Tackling abiotic production constraints in pearl millet and sorghum-based agricultural systems of the West African Sahel
Duration: 01/Apr/2010 - 31/Mar/2013
Locations: West and Central Africa
Donor: Government department -national- state or local,Bundesministerium for Wirtschaftliche Zusammenarbeit und Entwicklung (BMZ)-Germany,Deutsche Gesellschaft for Internationale Zusammenarbeit (GIZ)-Germany
CGIAR Research Program: Dryland Cereals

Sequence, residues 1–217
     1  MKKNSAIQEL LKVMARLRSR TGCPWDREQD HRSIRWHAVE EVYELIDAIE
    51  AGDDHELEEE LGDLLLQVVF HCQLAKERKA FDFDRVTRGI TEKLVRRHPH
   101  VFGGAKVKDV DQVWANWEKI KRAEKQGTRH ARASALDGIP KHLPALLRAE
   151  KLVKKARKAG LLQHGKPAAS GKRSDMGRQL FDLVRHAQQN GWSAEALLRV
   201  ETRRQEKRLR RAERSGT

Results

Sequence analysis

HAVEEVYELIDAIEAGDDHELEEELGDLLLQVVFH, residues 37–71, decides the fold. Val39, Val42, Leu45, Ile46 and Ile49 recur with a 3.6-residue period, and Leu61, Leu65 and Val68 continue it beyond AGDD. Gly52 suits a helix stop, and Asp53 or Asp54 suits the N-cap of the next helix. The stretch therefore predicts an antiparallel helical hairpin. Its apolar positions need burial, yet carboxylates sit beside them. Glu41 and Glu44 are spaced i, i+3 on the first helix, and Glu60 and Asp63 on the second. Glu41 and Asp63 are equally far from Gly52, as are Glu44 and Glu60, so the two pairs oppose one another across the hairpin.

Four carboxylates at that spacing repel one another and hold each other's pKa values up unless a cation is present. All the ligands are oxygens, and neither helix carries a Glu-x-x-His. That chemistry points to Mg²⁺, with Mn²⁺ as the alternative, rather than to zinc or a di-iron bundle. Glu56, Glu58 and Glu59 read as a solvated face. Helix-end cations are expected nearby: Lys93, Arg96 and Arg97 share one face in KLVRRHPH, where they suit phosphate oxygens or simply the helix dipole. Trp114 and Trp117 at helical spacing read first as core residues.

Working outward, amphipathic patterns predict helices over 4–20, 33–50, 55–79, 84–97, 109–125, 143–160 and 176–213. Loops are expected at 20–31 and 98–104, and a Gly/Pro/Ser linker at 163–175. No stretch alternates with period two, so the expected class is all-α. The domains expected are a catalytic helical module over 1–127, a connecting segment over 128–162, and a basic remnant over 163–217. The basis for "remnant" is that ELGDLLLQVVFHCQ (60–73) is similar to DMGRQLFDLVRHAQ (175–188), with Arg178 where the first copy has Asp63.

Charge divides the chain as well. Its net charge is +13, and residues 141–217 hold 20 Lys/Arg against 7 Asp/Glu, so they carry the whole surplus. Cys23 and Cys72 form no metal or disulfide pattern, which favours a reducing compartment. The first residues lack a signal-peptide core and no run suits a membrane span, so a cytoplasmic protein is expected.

Using an integrated genetic and natural resource management approach, this project aims at enhancing adaptation of pearl millet and sorghum to low-phosphorus (P) soils and water stress in the Sahelian zone of West Africa (WA). A combination of physiological experiments, classical and marker-assisted breeding research, and agronomic studies is used to tackle the combined effects of low soil P and droughts on pearl millet and sorghum growth in West Africa's smallholder cereal production systems. In a stepwise approach', the studies will unravel available genetic diversity for low-P tolerance and enhance the understanding of the relative importance of low soil P and water stress, and their interaction, for cereal productivity in the Sahel. New crop management techniques beyond fertilizer microdosing will be developed and tested, such as seed coating with P, promotion of symbiosis with vesicular arbuscular mycorrhiza (VAM) and on-farm processing of rock phosphate (RP), to help enhance productivity under Sahelian abiotic stress conditions. A strong focus on farmer experimentation with adapted cereal cultivars and new crop management options will help in validating these techniques, and thus contribute to early adoption and project impact.